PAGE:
A Brief 2020 Year-End Wrap Up

For several years in the early life of this little blog I would compile end-of-the-year "best of" lists. They were fun to do but I haven't posted one for several years now because the series was canceled due to poor ratings. Almost nobody read them.   I'm not posting a list this year but 2020 deserves a short year end review because some very good, new music was released. In addition, there was some amusing, blog related stuff that I'd like to share. Recently, I posted a review of Kind of Blue , the 1959 album by Miles Davis that true jazz fans have adored for decades. It has often been called the greatest jazz record ever made. I dislike it and said so in a review that you can read here . It's still on my iTunes account but the CD is going into my reject pile for possible resale. The reason I'm mentioning  Kind of Blue  again so soon is because when I posted the blog link on Twitter it generated two of the best responses I've ever seen about one of my

The Chieftains with Jackson Browne - The Rebel Jesus (1991)

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"The Rebel Jesus" is a Christmas song composed by Jackson Browne and performed with The Chieftains, the eclectic, veteran Irish folk band on  The Bells of Dublin,  their 1991 holiday album. Browne wrote the song specifically for his guest appearance on this record. The singer-songwriter, who is deservedly in the Rock and Roll Hall of Fame, can be a bit preachy when he wants to be, and he is again here, but no one can dispute what the man is saying.  The last two verses are the key to the song. Browne points out that people often feel more generous at Christmas so they'll give to those who were less fortunate than themselves during the holidays. But, if anyone tries to dig deeper and root out the poverty that envelops the downtrodden they are often scorned like Jesus was. This message is coming from a man who is admittedly a "heathen and a pagan," but on this occasion he is "on the side of the rebel Jesus." At the same time Browne doesn't want to sp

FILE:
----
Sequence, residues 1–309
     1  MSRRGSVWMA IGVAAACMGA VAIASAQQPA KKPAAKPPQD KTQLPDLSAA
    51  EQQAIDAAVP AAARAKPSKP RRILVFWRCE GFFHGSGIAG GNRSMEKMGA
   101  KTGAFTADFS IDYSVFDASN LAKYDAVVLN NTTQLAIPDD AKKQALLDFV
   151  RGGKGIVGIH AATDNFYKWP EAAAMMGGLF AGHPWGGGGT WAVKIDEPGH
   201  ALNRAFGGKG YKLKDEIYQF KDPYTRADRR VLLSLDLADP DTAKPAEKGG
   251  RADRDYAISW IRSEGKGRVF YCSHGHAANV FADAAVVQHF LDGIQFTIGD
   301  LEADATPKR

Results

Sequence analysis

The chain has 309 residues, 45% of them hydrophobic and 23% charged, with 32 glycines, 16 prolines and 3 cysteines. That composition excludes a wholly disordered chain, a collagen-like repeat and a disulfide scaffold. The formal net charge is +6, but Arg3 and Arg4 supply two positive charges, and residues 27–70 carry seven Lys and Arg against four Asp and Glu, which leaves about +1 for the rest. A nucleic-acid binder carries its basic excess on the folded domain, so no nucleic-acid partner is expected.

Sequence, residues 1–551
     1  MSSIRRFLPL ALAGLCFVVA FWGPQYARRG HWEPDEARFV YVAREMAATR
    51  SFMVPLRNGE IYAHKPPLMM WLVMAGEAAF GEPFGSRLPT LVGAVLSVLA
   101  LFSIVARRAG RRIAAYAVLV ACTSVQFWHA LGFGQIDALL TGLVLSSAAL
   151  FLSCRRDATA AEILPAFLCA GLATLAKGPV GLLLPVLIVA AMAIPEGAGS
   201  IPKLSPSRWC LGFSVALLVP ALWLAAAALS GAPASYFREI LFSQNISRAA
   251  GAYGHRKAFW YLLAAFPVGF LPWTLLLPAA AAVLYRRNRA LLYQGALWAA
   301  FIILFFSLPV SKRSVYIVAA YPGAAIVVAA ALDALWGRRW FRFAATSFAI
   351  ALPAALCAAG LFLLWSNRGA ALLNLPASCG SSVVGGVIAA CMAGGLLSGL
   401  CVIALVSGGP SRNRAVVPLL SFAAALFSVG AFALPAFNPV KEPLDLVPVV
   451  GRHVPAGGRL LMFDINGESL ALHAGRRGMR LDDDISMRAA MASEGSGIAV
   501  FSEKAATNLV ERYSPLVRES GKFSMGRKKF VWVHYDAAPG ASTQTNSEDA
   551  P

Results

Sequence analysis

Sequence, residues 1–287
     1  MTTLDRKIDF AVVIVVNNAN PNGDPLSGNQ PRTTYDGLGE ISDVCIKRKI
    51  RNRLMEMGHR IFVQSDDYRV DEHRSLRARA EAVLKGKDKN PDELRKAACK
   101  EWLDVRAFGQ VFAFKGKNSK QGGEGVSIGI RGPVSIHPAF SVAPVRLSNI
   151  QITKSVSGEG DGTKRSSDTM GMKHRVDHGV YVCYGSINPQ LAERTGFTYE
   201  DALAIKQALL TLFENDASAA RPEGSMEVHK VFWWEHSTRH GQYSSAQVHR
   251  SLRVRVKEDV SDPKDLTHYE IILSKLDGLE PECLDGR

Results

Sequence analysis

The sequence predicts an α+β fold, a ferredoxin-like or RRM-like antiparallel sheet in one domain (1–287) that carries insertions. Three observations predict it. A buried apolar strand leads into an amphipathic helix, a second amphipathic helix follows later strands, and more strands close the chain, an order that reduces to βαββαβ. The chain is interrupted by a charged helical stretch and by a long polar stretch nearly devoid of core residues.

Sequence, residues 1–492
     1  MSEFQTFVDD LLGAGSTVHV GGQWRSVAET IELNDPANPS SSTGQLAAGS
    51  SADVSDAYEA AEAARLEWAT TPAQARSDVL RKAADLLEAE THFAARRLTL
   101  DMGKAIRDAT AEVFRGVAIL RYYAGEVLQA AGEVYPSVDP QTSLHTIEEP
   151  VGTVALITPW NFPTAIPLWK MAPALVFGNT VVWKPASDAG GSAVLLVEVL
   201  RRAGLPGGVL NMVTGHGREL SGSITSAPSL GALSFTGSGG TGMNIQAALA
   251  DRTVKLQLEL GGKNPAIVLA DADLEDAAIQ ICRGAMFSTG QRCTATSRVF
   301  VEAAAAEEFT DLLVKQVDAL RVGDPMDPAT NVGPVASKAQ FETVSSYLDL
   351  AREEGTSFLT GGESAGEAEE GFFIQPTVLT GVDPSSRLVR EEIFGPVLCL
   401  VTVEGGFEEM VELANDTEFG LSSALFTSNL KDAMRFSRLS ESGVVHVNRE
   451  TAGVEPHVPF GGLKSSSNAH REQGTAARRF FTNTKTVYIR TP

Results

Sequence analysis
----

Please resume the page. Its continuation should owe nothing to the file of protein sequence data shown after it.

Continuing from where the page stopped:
Jefferson Airplane - The Worst of Jefferson Airplane (1970)

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This is the first entry in an occasional series in which Bloggerhythms will feature some interesting greatest hits or "best of" compilations. Today's initial post is about Jefferson Airplane, a group that may only be a distant memory to many baby boomers. The Worst Of Jefferson Airplane is a fifteen song, single LP or CD with a great title that covers most of the group's best songs and biggest hits from their inception in 1965 through the end of the decade when their classic lineup started to disintegrate. This anthology covers the psychedelic, San Francisco band's first five studio albums and one live record. It went platinum and reached #12 on Billboard's album chart in 1971. The Airplane only had two top 40 hit hits: "Somebody to Love" (#5) and "White Rabbit" (#8). They are both here along with a few other notable singles - "The Ballad of You & Me & Pooneil" (#42), "Volunteers" (#65), and "Crown of Creati

Buried Treasure: Rich Allen and the Ebonistics - Echoes of November (1968)

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After music baseball has always been my number two passion in life with the possible exception of a few Octobers when the Philadelphia Phillies made the playoffs. Both the sport and the art form have been a huge part of my life since childhood with the Phillies functioning as my primary obsession only until February 9, 1964. That Sunday evening, an unknown rock quartet from Liverpool, UK appeared on The Ed Sullivan Show. Music took over my life quickly after that and I never looked back. That same year, after The Beatles blew up all around America and the rest of the world, The Phillies were making what was then an extremely rare run for a National League pennant that seemed inevitable until September when they blew a 6 1/2 game lead with only twelve to play. They lost ten games in a row before winning the last two of the season. Sadly, by that time it was too late. Unfortunately, there are still fans who haven't gotten over it.  This team's roster included future Kentucky Sena